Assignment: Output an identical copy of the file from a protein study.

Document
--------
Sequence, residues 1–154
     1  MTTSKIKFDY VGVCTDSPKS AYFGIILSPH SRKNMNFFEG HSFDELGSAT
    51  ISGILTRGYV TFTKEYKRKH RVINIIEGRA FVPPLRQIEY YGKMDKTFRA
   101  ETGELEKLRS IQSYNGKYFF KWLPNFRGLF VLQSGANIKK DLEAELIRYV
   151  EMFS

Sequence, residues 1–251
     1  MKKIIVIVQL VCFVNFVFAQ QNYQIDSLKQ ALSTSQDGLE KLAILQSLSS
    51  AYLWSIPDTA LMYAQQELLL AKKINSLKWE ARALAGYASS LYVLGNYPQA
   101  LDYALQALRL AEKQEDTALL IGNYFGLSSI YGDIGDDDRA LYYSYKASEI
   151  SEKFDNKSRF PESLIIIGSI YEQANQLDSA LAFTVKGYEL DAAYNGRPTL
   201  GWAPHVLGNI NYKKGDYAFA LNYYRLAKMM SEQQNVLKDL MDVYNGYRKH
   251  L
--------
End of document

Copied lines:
Sequence, residues 1–154
     1  MTTSKIKFDY VGVCTDSPKS AYFGIILSPH SRKNMNFFEG HSFDELGSAT
    51  ISGILTRGYV TFTKEYKRKH RVINIIEGRA FVPPLRQIEY YGKMDKTFRA
   101  ETGELEKLRS IQSYNGKYFF KWLPNFRGLF VLQSGANIKK DLEAELIRYV
   151  EMFS

Sequence, residues 1–251
     1  MKKIIVIVQL VCFVNFVFAQ QNYQIDSLKQ ALSTSQDGLE KLAILQSLSS
    51  AYLWSIPDTA LMYAQQELLL AKKINSLKWE ARALAGYASS LYVLGNYPQA
   101  LDYALQALRL AEKQEDTALL IGNYFGLSSI YGDIGDDDRA LYYSYKASEI
   151  SEKFDNKSRF PESLIIIGSI YEQANQLDSA LAFTVKGYEL DAAYNGRPTL
   201  GWAPHVLGNI NYKKGDYAFA LNYYRLAKMM SEQQNVLKDL MDVYNGYRKH
   251  L